Why It’s Time to Revisit Your Knowledge Management Strategy

by | Knowledge Management

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Knowledge management is one of the most overlooked parts of the support experience. What exactly does a robust knowledge management strategy allow your organization to do? In this blog post, we take a closer look.

The maturity of a company’s knowledge management strategy has a funny way of rearing its head. Maybe you’re walking through the phone bank when you hear an agent asking her colleague for “that one KB.” Or you’re looking at the contact center metrics only to find that the shiny new support chatbot is actually inflating inbound call volume.

These high-friction flashpoints can pop up time and again throughout the support experience. And while they might seem like technology problems, or headcount problems, they’re actually related to your underlying knowledge management strategy (or lack thereof).

What Exactly Is a Knowledge Management Strategy?

Good question. At its core, a knowledge management strategy is a framework for connecting people with the information they need. Knowledge, in this context, can be anything, from product documentation and knowledge base articles, to internal policies and procedures.

Oh, and all that SME expertise living in various content silos, repositories, and shared folders, too.

With these myriad “information assets” in mind, enterprises will deploy a knowledge management strategy to guide the creation, capture, distribution, and sharing of this knowledge across both agent and customer experiences.

The AI Survival Guide for Knowledge Managers Read this guide to future-proof knowledge management in the age of AI.

Why Develop a Knowledge Management Strategy?

One of the most common upfront advantages of implementing a knowledge management strategy is centralization. That is, to finally bring together all of the random content floating around out there—across all those random silos—into a single knowledge base system.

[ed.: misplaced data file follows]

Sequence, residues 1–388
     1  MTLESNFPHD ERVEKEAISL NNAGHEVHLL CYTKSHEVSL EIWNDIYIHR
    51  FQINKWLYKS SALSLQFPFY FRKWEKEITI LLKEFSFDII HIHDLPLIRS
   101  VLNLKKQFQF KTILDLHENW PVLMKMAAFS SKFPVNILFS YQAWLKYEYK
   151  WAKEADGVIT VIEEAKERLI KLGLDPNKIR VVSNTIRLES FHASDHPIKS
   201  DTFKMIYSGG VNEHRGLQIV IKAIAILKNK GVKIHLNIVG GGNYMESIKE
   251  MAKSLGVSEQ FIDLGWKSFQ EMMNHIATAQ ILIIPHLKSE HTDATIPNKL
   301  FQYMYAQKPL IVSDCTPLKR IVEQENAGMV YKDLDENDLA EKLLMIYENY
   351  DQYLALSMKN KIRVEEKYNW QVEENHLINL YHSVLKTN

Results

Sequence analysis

This is one of the most common problems we encounter when we first engage with our own customers. But it’s only the beginning.

A knowledge management strategy should encompass a few other core aspects, such as extensibility, scalability, and security.

That is, how do we leverage our people, processes, and technology to build an ever-growing, self-improving and secure repository of knowledge that automatically extends to all customer and agent channels?

Once in place, the benefits extend to both employees and your customers. Here are three main benefits worth noting as a result of having a knowledge management strategy.

1. Faster, Happier Support Agents

One of the best reasons of having a centralized knowledge strategy is the impact it has on support agents.

Gartner says agent knowledge is one of the top three drivers of customer success. Indeed, a strong KM strategy, coupled with good underlying technology, can put knowledge right at agents’ fingertips, helping to:

    • Automate tier-one, repeat cases that don’t require agent interaction
    • Cut down the time it takes to find answers (less searching, switching windows or systems, etc.)
    • Make it easy to flag and address knowledge gaps right within the agent workflow